The Pa Ave and 15th St. cycletracks connect with each other, more or less, but not all trips can be made using only those routes. We can't know how many people would use them if they had better access.

I think it's a bit misguided to consider a user count to be an important metric at this point, a bit like looking at the first few thousand telephones ever installed and wondering if such a cumbersome and exotic device would ever become common.

Ask this question again once there's a decent network of major and minor routes all connected and running through the whole city - or count all the people in the city who ride bikes today even though the facilities are so limited.

(I call this "phase 2" of opposition to bike lanes: first non-cyclists do everything they can to diminish the utility of road space for cyclists, then they point out that nobody wants to use the deficient space they already have. It plays out over and over when cities try to establish cycling networks that share space with other vehicles, leading to stalled and fragmented development plans. Improvements only happen when DOTs and elected officials stick to the broader plan, something DC is usually pretty good about.)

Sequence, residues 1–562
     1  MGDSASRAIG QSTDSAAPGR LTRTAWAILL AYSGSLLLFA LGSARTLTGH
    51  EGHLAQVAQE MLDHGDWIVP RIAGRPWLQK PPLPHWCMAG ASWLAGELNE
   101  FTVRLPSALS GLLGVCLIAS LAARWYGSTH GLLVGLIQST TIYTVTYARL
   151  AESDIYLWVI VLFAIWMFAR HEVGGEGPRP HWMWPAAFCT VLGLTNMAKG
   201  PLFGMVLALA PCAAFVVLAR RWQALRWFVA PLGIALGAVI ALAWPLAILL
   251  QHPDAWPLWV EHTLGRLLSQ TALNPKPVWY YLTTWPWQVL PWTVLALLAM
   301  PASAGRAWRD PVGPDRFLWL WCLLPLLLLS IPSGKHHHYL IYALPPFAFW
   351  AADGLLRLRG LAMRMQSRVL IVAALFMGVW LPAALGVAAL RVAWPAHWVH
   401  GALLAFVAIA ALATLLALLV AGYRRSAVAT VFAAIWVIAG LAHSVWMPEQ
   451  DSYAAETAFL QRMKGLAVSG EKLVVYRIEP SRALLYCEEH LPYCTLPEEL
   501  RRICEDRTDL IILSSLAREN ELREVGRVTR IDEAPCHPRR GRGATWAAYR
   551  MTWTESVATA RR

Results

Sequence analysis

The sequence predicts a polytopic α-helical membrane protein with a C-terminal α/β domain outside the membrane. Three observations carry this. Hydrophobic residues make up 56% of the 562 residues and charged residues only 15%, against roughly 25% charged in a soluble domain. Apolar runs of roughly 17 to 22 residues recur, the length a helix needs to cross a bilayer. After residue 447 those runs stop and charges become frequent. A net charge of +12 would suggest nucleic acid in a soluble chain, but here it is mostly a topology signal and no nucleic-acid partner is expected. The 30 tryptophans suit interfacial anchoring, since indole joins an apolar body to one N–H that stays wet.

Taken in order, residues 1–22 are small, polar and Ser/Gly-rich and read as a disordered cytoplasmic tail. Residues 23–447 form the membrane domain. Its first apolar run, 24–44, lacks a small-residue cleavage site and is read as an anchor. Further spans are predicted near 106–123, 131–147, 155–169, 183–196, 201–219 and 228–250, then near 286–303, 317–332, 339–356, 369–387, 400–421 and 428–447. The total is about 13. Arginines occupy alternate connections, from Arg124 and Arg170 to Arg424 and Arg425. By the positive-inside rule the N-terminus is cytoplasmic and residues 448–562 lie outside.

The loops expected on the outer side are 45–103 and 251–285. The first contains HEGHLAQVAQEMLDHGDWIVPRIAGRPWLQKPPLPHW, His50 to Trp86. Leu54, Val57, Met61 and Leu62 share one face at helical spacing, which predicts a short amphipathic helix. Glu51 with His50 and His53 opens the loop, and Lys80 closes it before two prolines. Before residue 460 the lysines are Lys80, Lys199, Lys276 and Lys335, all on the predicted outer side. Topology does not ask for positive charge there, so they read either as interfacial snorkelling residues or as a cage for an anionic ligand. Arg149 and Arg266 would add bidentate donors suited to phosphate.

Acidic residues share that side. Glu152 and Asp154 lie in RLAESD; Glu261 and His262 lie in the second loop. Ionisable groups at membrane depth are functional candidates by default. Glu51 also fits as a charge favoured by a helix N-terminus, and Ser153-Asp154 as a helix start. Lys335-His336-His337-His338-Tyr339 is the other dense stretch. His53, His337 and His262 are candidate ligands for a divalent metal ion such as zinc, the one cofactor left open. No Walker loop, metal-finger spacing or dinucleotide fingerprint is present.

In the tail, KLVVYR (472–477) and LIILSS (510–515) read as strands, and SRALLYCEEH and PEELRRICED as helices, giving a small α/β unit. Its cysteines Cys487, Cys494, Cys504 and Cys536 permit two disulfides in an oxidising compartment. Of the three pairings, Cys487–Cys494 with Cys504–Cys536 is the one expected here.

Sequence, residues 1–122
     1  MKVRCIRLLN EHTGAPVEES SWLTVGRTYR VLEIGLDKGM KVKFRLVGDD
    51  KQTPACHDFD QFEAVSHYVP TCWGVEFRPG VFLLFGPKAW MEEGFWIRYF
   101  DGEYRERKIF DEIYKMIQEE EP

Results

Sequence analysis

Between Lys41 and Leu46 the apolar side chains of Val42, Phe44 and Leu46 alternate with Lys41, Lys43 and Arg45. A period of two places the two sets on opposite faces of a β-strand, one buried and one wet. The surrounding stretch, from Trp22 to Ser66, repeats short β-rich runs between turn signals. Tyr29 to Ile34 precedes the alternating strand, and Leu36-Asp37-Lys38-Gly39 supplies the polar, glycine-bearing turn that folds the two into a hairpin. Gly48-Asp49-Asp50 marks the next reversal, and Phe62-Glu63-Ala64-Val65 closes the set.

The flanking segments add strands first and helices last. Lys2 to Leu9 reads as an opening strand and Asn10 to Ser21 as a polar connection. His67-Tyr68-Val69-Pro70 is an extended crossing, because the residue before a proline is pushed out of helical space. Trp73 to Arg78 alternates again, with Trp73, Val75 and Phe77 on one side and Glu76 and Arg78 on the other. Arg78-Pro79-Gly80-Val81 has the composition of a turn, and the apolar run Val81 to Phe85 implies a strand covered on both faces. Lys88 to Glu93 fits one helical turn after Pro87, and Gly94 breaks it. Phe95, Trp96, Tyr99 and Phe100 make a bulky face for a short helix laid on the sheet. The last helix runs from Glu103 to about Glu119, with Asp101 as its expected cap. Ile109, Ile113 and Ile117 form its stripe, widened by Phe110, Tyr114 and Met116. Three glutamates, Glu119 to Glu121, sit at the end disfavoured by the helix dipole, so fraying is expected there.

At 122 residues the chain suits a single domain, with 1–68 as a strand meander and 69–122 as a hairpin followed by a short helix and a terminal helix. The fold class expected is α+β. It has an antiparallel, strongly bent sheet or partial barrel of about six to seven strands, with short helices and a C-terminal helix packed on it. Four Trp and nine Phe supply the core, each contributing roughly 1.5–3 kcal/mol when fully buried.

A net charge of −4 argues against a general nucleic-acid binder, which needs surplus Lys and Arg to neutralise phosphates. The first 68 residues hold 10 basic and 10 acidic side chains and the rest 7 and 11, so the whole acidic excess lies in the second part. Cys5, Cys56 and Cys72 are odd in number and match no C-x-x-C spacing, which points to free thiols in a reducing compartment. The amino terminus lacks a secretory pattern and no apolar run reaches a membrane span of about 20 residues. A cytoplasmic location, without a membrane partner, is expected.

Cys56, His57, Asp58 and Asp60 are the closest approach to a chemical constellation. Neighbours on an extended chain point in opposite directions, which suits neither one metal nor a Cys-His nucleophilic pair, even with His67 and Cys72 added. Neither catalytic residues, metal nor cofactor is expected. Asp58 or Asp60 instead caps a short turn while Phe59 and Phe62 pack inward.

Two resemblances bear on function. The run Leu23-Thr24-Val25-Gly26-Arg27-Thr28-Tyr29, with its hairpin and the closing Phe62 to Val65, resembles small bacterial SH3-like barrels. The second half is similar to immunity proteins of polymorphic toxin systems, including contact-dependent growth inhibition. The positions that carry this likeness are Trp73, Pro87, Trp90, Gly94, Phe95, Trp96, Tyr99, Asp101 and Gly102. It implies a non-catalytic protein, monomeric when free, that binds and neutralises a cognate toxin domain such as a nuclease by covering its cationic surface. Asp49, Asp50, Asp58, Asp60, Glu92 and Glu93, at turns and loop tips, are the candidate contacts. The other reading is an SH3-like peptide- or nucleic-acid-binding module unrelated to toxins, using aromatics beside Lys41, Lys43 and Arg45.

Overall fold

The Pa Ave lanes were important enough to me last winter that I asked Jim Sebastian for help getting the central bollards marked so they can be seen in the dark (didn't happen) and to DDOT in general about snow and ice removal. And I saw quite a few other people and wheel tracks all winter long, so I couldn't have been the only person out there.

Improvements only happen when DOTs and elected officials stick to the broader plan...

I always come back to this, but I never cease to be amazed at how civil the bike system is in Montreal. Cars, buses, bikes, Metro seem to work well together there. I think Montreal is a good model for what DC could be if we stuck to a solid, well-reasoned plan. With a few exceptions, Montreal is laid out with generally lots of fairly wide roads in grids, more like DC than like older European cities. Like us, they have a good, pretty extensive and very popular Metro and OK bus service.

Unlike DC, they have created a network of long cycletracks, which connect most parts of town and extend in fairly straight lines out in to the close-in suburbs. What you realize when you ride there is that there aren't really that many cycletracks. However, the tracks they have are thoughtfully designed, with much attention to making sure all parts of the city have some access and to reducing unsafe bottlenecks and creating connections.

As a result, tens of thousands of Montrealers commute and utility bike. It's just another safe, convenient option, like driving or taking the Metro. And they have some pretty rough weather to deal with much of the year. There's still excellent car access, and surprisingly little gridlock, except in the high-rise downtown area at rush hour. You do have to park in garages in non-residential areas -- not much on-street parking on non-residential streets.